Glass toys are usually made of borosilicate (Pyrex) or soda lime. Soda lime is what you’ll get from an artist or glass blower most of the time; borosilicate is much more common in sex toys because it can withstand more extreme temperature changes and is stronger. Soda Lime is still very hardy and heavier than borosilicate.
Metal toys are hard, smooth and tend to have a nice weight to them. Like glass, they can also be cleaned easily and used for temperature play. Most of these toys are made of stainless steel or aluminum, but I’ve seen silver and gold as well.
Try: nJoy Pur Wand
Wood and Stone
Less commonly, you can find sex toys in other non-porous materials, including specially treated wood and even stone.
Try: NobEssence Intrigue
Handle the Equipment
On last tip: If you go to an adult store, ask a customer service rep if they can take a product out of the box for you, put batteries in it and let you see how it works. Don’t be shy; the worst that can happen is that they refuse. (Just be sure to ask. Don't open boxes and damage packaging yourself.) Some stores even keep charged/battery filled toys out on the floor. These are the awesome adult stores, and their customer service reps probably have a lot of knowledge. Talk to them. Learn.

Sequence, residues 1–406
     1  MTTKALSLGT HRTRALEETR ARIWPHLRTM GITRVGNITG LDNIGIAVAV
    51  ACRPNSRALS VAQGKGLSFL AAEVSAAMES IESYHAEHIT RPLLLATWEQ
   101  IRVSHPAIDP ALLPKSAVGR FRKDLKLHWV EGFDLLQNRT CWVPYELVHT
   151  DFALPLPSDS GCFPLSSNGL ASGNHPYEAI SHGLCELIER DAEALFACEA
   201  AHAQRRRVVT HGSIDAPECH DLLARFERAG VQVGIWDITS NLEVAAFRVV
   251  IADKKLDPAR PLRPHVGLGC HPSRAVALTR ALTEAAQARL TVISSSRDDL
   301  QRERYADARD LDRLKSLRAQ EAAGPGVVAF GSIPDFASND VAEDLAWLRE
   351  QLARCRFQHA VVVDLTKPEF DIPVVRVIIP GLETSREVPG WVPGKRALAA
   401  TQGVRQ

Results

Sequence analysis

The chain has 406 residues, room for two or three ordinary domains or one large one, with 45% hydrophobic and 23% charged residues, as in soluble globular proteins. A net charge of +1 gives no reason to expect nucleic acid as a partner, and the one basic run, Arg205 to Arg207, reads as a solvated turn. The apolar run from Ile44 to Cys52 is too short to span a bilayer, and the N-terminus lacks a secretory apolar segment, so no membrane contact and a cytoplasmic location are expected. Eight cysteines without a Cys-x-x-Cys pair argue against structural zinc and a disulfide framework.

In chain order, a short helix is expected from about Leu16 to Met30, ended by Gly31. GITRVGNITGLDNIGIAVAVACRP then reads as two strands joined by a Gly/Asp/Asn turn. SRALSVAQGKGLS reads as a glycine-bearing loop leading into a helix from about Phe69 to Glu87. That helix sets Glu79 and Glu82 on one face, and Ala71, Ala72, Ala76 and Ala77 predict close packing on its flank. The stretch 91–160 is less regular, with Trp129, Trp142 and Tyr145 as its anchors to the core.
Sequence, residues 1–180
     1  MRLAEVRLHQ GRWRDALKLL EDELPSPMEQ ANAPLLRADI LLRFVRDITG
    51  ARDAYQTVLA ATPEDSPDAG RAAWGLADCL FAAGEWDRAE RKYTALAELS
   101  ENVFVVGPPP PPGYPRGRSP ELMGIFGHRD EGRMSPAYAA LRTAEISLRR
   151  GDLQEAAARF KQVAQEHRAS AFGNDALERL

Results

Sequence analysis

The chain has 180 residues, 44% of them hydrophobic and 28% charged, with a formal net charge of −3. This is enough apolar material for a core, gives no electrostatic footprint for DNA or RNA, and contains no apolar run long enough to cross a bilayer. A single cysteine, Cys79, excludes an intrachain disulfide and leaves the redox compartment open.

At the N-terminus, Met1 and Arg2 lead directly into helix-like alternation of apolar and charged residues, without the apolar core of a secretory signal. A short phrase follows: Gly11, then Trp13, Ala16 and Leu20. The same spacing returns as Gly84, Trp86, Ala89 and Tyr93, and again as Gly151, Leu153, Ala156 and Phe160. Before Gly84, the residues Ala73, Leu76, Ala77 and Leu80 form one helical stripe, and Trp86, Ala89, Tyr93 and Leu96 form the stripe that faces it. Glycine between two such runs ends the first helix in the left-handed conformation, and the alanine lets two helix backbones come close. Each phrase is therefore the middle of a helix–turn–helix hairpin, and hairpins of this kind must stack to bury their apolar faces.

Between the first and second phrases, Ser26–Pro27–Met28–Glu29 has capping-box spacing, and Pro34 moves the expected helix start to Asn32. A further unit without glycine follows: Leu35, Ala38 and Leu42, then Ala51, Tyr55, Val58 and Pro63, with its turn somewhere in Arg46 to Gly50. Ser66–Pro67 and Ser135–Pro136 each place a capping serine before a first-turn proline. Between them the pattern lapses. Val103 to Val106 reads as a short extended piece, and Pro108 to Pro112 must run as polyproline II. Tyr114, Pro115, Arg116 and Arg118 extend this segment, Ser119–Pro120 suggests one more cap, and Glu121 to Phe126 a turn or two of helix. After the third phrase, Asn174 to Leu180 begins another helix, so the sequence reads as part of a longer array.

Once you have the toy in your hands, look for any greasy residue. Smell the product: Does it smell like plastic? Does it smell at all? If it has a greasy residue or a smell, put it back on the shelf. These are hallmarks of phthalate-laden toys, and they could be harmful. If you’re really set on the product, use a condom to keep it from coming in contact with your skin. This is also a great way to get a sense of the toy's weight, feel and, when applicable, vibration. In other words, it's a way to get to know it and decide whether it might be right for you.
Now that you know about toy materials, it's time to think about what type of toy you're interested in. Head on over to 10 Basic Sex Toys You Should Know (and Try) to learn more.